Globalist Colleagues Give John Kerry a Poor RatingPosted: May 16, 2016
Globalist Colleagues Give John Kerry a Poor Rating
by JBS President Emeritus John F. McManus
It’s not often that this writer finds himself agreeing with liberal internationalists. But a collaboration between Foreign Policy and the Teaching, Research, and International Policy (TRIP) project at the College of William & Mary has rated the effectiveness of recent Secretaries of State and placed John Kerry at the very bottom of its list. If Kerry is ineffective, we should be very pleased. The more effective any Secretary of State has been during recent decades, the more harm is done to our country.
FP’s 1,615 participating “scholars” rated Henry Kissinger as the their favorite over the past 50 years. Other holders of the post given high to low ratings of effectiveness were James Baker just below Kissinger, followed in descending order by Madeleine Albright, Hillary Clinton, George Shultz, Dean Rusk, Warren Christopher, Cyrus Vance, Colin Powell, Condoleeza Rice, Lawrence Eagleburger, and Kerry. All but one of these individuals holds membership in the Council on Foreign Relations, the exception being Hillary Clinton who has stated that she looks to the CFR to implement its goals.
Foreign Policy magazine is surely no friend of conservatives who believe that our nation should mind its own business and cease forcing other countries to accept what our government leaders want. It would be wonderful if a Secretary of State believed in non-intervention in the affairs of other nations except if ours is attacked. As George Washington counseled, America’s policy should include our people having “commercial relations” with counterparts elsewhere, and our government having ”as little political connection as possible” with others. The attitude of the sages at Foreign Policy and the CFR could hardly be more different.
Founded in 1970 by Samuel Huntington, FP favors the same policies as Foreign Affairs, the journal published by the Council on Foreign Relations. It’s hardly surprising to note that Huntington has been a CFR member since 1964 and current FP editor David Rothkopf is also a CFR member. Published by Graham Holdings Company, formerly The Washington Post Company, FP has always been dominated by CFR.
These two magazines, Foreign Policy and Foreign Affairs have similar, if not identical, viewpoints. For whatever reason, FP didn’t indicate why the 1,615 it polled awarded John Kerry its least effective rating. We can guess that these “scholars” don’t think too highly of the recent pact he engineered with Iran, his latest “accomplishment.” Or they may have a poor opinion of his poor record as a deal maker in his confabs with Russian, Chinese, and Saudi leaders.
John Kerry recently outdid himself in paralleling the attitude frequently presented by FP when he delivered his May 5th commencement address at Northeastern University in Boston. He told the graduates they would be entering a “borderless world.” No borders? If there are none, then there are no nation states including the one he has frequently sworn a solemn oath to defend. In what was his clearly expressed preference for terminating nationhood, he pointed to “dangers like climate change, terrorism, and disease [that] do not respect borders.” And he scolded the nation he represents because the U.S. spends “just one penny of every dollar of our federal budget for foreign aid.”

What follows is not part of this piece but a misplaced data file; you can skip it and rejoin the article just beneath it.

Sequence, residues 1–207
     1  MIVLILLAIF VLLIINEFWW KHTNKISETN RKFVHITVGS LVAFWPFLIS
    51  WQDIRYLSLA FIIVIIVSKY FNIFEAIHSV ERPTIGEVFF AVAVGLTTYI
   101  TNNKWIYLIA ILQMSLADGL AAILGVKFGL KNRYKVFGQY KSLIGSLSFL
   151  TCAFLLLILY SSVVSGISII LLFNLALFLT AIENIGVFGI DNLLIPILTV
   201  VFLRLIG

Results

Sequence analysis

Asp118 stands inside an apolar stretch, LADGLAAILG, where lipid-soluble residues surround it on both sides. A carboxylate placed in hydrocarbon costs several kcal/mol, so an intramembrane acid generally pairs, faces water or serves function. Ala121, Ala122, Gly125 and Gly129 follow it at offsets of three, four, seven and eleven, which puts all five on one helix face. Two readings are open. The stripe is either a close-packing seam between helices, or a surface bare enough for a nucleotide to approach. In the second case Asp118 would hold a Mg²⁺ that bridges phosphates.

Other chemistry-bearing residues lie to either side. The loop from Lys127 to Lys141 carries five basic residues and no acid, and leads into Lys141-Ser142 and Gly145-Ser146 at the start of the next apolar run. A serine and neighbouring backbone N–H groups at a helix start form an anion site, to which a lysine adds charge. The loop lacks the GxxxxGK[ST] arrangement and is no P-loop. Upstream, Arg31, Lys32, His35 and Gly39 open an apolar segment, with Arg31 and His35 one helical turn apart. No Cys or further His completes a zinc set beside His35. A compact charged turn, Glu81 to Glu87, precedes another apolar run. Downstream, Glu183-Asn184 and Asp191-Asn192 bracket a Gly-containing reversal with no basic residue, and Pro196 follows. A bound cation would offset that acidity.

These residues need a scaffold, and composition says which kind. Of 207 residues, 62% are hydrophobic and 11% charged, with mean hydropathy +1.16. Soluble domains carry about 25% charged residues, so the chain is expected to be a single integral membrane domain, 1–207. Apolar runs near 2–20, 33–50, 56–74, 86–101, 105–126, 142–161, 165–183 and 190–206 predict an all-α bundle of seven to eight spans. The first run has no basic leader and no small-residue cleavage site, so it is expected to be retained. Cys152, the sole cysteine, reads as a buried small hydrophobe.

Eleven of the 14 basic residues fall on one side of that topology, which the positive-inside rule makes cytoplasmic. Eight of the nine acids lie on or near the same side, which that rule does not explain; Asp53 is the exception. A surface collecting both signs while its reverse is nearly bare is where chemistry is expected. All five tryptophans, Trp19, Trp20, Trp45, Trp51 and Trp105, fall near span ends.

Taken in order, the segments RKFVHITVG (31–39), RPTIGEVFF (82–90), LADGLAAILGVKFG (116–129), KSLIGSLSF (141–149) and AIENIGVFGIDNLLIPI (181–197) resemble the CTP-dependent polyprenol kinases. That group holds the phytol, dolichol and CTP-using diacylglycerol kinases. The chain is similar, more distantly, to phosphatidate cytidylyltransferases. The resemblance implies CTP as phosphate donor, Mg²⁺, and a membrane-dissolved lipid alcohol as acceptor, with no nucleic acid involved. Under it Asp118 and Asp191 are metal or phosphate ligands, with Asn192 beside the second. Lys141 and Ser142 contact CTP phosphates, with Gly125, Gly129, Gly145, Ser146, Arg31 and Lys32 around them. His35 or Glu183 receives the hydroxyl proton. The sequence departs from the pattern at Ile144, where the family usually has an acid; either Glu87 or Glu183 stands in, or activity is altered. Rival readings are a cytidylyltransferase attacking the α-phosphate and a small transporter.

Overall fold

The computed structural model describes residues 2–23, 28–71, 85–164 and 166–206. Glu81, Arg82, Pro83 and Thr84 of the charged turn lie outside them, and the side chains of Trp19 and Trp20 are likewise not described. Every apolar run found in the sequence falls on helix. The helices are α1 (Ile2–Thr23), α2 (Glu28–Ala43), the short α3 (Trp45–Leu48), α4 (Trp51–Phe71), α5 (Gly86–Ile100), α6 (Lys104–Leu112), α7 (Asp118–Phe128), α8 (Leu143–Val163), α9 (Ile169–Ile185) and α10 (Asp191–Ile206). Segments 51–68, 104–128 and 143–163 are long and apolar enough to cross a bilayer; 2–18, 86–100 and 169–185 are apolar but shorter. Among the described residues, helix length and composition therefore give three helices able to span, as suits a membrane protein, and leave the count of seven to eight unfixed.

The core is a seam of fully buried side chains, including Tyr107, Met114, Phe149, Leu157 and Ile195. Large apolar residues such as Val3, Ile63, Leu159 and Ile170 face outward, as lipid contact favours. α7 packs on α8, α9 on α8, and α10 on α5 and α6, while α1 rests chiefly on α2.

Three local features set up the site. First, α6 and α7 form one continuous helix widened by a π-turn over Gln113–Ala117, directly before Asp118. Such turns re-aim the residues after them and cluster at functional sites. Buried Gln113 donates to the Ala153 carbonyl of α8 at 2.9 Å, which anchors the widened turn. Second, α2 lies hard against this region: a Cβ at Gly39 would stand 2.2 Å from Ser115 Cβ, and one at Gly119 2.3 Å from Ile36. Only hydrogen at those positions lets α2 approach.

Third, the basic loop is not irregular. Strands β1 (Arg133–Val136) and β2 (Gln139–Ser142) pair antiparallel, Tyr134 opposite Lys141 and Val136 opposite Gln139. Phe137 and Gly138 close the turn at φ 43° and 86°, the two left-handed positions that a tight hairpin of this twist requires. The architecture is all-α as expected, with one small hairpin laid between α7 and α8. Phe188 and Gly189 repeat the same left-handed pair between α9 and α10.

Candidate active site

Kerry’s commencement speech dwelled in part on “climate change,” the issue believed by FP’s scholars to be the most important. Had those FP scholars known how much emphasis our current Secretary of State places on that topic, they might have given him higher marks. Among the internationalist elite, insistence on the unproven threat known as climate change is mandatory.
John Kerry has been a member of the Council on Foreign Relations for more than 20 years. He wants world government; he tries very hard to force other nations to accept the demands of the liberal U.S. establishment; and he crusades for dangerous solutions to questionable problems. All of this and more earn him a very low rating from this writer. But there is no way our judgment of America’s current Secretary of State is based on the policies promoted by Foreign Policy and the Council on Foreign Relations.
Mr. McManus served in the U.S. Marine Corps in the late 1950s and joined the staff of The John Birch Society in August 1966. He has served various roles for the organization including Field Coordinator, Director of Public Affairs, and President. Mr. McManus has appeared on hundreds of radio and television programs and is also author of a number of educational DVDs and books. Now President Emeritus, he continues his involvement with the Society through public speaking and writing for this blog, the JBS Bulletin, and The New American.